4 Things to Consider When Selecting Emergency Lighting

When constructing a building, many things need to be taken into consideration or you’ll end up with problems on your hands. And potentially lawsuits.

Whether its alarms, fire sprinkler systems or smoke detectors, there are many safety measures that should go into a building’s construction.

Perhaps lower on peoples’ minds, though, is emergency lighting. Highly important during an emergency, this building element should be carefully considered instead of ignored.

Depending on the situation, emergency lighting may be the difference between life and death, as this lighting may be required for an orderly evacuation.

Even if the situation doesn’t involve an emergency, power outages alone can cause chaos, so planning ahead is a must.

If you need help choosing a lighting system for your building, here are four things you should consider.

1. Know Your Local Codes

The implementation and requirements relating to backup power are governed by local codes. Whether you’re a business owner or simply handling a building’s construction, you need to know these codes and ensure they’re properly implemented.

Certain rules will govern the size of the building in question and there may also be guidelines for where lighting needs to be placed. It is beneficial to have emergency lighting placed throughout the entire building.

2. You Don’t Need Complete Lighting

When the power goes out or an emergency hits, you don’t need to have the same lighting you do on a regular basis. You simply need enough lighting to help those in the building exit in a safe and orderly fashion and to help first responders find required equipment and missing people.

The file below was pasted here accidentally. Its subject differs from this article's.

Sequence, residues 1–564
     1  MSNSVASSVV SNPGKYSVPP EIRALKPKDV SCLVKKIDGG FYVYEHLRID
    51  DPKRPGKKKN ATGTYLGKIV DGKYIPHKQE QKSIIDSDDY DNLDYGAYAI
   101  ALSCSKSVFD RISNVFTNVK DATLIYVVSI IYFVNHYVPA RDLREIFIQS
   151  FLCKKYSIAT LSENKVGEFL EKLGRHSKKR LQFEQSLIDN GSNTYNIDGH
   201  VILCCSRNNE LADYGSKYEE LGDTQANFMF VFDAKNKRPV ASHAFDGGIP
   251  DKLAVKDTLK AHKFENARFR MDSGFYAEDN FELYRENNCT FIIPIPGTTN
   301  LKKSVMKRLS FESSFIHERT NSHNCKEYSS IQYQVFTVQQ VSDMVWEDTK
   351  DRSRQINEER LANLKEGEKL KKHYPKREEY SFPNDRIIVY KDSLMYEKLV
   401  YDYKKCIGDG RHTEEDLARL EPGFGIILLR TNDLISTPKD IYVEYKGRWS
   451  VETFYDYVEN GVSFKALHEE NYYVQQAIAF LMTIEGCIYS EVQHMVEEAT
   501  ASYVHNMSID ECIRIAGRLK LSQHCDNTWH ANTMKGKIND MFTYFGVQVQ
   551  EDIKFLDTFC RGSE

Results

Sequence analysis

Consider the minimal amount of lighting you can use to get the job done and go with that. But in doing this, make sure you’re following codes.

3. Only Power Critical Lights

Though on a daily basis you’ll want to light your entire building, this isn’t needed in an emergency. Consider which areas of the building most need to be lit. For example, an auditorium will likely need lighting more than a bathroom.

You want to be as efficient as possible, so aim to use the fewest number of lights you can while still providing adequate lighting for all who may be in the building.

4. There Are Different Types of Emergency Lighting

Several options exist when implementing lighting for emergencies. One thing to consider is the placement of your lights.

Horizontal lights may send light farther but you may have less shadowing if you choose to install overhead lights. The size and orientation of the rooms in question will likely help you decide.

Exit signs should be included in your emergency lights and should be placed wherever applicable. These will be especially helpful to those who are unfamiliar with the building.

Besides different placements, there are different types of lighting as well. Research your options to figure out what’s best for the building you’re working on.

Maintained lights utilize the same lights that are used on a daily basis, but in an emergency or outage they’ll be powered by a backup power source. Non-maintained lights are lights that are not used regularly and will only turn on in an emergency.

Various other types exist and should be thoroughly considered.

Implement Today

Emergency lighting has been required since the 1920s and makes a huge difference when an emergency occurs. Take the time to get familiar with your options and don’t delay implementing your choices.

Light is essential to orderly evacuation and will aid in times of power outages as well as emergencies. Whether you plan to build, are currently building, or neglected to implement this lighting in your current building, don’t wait to move toward implementation.

For more safety-related information, contact us today.